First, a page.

How to Pick the Right Big Goal

How to Pick the Right Big Goal post image

Want more success and fun for your team? Try picking one BIG goal.

When looking to make a difference for the business, I always look for the “one big goal” that we can accomplish that will really make an impact. As Covey would say, what is your most “Wildly Important Goal”?  What will be dramatically different (better) after our team is done with it? What needs to be transformed?

Of course, organizations are complex and it’s impossible to have a singular focus. However, I have found that planning for one BIG success, along with one or two other related goals, creates a clear path that is easy to follow. You will know if you have accomplished this if years later, people are still talking about the contribution that team made.

4 Ways to Grow Your Goal

Pick the Right BIG Goal

  • What does the business need most?
  • What are others struggling to accomplish?
  • What do people think can’t be done?
  • What is this team best positioned to do?
  • Are you passionately personally committed to this?

Gain Alignment

  • Do your boss and other key stakeholders see this as vital (even if they don’t think it is doable)
  • Are at least a few strong and energetic people on your team aligned (I have found in real turnaround situations, it usually takes some time to get everyone there)
  • Develop a zealous engagement and communication plan
  • Reinforce the vision non-stop (I have been accused of being a “maniac” about the vision)
  • Create imagery to align with the goal (use it to tie everything together)

Engage the Team

  • Involve everyone in the planning and execution
  • Involve them more
  • Break the problem down into manageable pieces, celebrate every milestone
  • Celebrate the big contributors, have them teach others
  • Learn from your skeptics, that bring them in to help
  • Celebrate the skeptic turnaround stories
  • Communicate constantly on the subject

Recognize Every Little Win

  • Create a rally cry, celebrate every contribution and link it to the bigger picture
  • Pay attention to what is working everywhere you go
  • Make success easy to notice, celebrate loudly and everywhere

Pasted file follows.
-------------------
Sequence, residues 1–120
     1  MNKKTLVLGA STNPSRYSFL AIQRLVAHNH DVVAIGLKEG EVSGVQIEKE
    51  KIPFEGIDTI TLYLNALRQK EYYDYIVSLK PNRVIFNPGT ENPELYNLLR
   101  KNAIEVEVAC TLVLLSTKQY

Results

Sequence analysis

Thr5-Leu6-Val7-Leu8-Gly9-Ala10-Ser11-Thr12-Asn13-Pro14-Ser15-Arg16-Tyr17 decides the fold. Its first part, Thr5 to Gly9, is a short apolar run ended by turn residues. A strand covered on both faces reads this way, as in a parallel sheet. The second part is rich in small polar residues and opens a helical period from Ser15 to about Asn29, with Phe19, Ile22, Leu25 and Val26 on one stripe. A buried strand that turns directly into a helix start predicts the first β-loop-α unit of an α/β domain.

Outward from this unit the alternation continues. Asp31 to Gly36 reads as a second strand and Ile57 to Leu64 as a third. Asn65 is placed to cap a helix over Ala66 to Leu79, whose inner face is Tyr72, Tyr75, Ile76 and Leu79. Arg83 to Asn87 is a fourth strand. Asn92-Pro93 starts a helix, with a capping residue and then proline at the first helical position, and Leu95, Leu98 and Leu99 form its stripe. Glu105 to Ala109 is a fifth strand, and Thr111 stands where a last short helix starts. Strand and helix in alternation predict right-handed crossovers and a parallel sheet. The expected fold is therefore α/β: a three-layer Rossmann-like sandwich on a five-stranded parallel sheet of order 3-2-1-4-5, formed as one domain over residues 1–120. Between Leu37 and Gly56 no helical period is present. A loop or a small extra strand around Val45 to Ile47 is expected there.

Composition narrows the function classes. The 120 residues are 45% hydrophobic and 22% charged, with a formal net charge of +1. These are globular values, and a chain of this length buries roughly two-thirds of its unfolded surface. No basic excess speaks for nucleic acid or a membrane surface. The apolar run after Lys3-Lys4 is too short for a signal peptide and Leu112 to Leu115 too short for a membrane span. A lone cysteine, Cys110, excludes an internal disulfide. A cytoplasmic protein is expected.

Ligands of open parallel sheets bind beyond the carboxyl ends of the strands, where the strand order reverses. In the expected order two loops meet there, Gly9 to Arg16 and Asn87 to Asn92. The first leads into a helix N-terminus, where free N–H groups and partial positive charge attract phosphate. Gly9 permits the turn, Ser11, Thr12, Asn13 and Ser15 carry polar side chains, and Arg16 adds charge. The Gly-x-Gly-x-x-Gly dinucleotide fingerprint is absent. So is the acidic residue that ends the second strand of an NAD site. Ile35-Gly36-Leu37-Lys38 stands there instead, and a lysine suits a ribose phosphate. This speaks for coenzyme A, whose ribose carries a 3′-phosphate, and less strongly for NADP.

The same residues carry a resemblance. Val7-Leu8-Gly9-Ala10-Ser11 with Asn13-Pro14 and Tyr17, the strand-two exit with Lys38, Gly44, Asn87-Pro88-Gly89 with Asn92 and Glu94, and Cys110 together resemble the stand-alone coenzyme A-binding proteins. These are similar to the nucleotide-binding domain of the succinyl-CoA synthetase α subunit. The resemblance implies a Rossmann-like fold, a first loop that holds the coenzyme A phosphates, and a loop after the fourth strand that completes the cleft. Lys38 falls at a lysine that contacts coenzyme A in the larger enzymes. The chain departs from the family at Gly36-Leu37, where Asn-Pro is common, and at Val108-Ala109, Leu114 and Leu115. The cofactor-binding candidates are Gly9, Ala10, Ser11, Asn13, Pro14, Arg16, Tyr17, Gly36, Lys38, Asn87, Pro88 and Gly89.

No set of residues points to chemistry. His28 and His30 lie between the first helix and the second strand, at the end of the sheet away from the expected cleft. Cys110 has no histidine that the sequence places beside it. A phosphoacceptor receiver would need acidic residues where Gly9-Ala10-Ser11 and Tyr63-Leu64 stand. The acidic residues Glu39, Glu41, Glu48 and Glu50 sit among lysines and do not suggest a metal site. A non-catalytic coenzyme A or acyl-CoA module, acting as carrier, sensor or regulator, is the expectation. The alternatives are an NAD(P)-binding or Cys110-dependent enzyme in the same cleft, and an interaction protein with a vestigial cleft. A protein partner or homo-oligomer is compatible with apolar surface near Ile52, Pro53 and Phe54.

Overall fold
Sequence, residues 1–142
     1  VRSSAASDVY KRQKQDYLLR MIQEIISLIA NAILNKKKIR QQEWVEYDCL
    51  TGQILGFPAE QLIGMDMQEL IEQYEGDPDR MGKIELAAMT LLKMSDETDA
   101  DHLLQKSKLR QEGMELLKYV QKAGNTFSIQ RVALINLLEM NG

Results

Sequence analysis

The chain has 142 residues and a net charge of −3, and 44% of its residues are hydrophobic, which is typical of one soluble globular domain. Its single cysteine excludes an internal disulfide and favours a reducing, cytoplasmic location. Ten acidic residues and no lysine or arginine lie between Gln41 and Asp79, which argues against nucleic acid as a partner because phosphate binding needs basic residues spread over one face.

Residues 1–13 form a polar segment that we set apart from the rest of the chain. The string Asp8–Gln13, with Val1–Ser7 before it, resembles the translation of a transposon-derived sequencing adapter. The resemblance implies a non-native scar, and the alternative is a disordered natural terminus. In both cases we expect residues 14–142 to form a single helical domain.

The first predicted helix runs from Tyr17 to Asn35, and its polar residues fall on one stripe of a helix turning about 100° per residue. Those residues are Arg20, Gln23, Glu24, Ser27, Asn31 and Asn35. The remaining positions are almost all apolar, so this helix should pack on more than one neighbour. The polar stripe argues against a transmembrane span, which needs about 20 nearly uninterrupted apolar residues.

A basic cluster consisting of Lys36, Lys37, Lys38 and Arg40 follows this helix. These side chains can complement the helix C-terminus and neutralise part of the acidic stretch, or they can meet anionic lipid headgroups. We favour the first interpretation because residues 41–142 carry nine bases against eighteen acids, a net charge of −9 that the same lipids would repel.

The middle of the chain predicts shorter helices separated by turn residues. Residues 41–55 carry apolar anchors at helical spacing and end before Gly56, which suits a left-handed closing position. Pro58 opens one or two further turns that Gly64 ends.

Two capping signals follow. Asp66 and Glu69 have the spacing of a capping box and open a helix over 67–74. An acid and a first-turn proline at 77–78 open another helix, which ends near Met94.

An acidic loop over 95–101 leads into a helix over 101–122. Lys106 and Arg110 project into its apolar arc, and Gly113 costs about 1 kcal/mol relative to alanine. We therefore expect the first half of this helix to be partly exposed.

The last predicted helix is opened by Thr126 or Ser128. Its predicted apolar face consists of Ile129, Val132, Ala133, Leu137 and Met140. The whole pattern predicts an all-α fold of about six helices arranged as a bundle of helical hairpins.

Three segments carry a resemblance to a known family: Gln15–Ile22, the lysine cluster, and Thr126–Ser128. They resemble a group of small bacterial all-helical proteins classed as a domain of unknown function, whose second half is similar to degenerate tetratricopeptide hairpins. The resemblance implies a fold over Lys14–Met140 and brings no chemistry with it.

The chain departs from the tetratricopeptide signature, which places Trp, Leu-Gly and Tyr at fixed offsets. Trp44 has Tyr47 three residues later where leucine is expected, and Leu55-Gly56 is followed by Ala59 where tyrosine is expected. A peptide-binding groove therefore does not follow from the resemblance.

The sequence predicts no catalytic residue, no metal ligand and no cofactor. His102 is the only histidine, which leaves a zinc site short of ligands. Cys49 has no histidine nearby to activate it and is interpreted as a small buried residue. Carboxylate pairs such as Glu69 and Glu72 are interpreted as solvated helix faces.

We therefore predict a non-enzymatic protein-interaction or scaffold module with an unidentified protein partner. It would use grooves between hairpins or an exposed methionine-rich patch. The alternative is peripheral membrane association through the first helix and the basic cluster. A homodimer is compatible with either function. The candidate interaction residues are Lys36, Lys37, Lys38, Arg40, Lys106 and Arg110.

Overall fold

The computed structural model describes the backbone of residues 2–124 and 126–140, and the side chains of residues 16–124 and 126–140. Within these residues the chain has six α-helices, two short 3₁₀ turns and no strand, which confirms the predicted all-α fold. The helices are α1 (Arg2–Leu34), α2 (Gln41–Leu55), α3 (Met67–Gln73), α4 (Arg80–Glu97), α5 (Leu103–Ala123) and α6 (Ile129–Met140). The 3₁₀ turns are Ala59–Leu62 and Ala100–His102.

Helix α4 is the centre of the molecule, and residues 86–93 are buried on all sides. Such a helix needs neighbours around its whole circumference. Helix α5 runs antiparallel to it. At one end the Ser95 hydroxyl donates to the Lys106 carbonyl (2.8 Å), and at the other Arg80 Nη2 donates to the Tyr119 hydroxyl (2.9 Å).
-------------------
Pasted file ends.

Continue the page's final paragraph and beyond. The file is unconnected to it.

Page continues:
• Stay the course

In a complicated world we must do many things well. We must be “AND” leaders. I have also found that it is much more fun to also pick the home run in advance and leave nothing on the field when playing toward that goal.


Filed Under:   Results & Execution
Karin Hurt
Karin Hurt
Karin Hurt, is CEO of Let’s Grow Leaders and a former Verizon Wireless executive. Karin was named on Inc.’s list of 100 Great Leadership Speakers for Your Next Conference, the American Management Association List of 50 Leaders to Watch, and as a Trust Across America Top Thought Leader in Trust. She’s the award-winning author of two books, Winning Well: A Manager’s Guide to Getting Results— Without Losing Your Soul, and Overcoming an Imperfect Boss. She’s regularly featured in business publications including Fast Company, Entrepreneur, and Inc.

Join The Conversation

What People Are Saying

Steve Borek   |   05 July 2012   |   Reply

I call these extraordinary goals. I take teams through a process where we achieve the unthinkable in 16 weeks.

It can be done.

Cindy   |   05 July 2012   |   Reply

I’ve always believed having fun at work is as important as completing the Goal. When teams believe in… and our personally excited accomplishing the goal becomes second nature to them. It starts and ends with the leader.. Great article thanks for the “Spark”

thepostic   |   06 July 2012   |   Reply

Have you read any of Jim Collins’ books? He is a management researcher and author who is most famous for works such as “Built to Last” and “Good to Great.” One thing I absolutely loved was his idea of Big Hairy Audacious Goals (or BHAGs). Essentially, he says that everyone (and every team/company/organization) should not be afraid to set BHAGs. It drives you to achieve more than you thought you could. Very similar to what you’re talking about here.

Love the post!

letsgrowleaders   |   06 July 2012   |   Reply

Yes, love Jim Collin’s work. I am a big fan of BHAGs. Thanks so much for joining the conversation!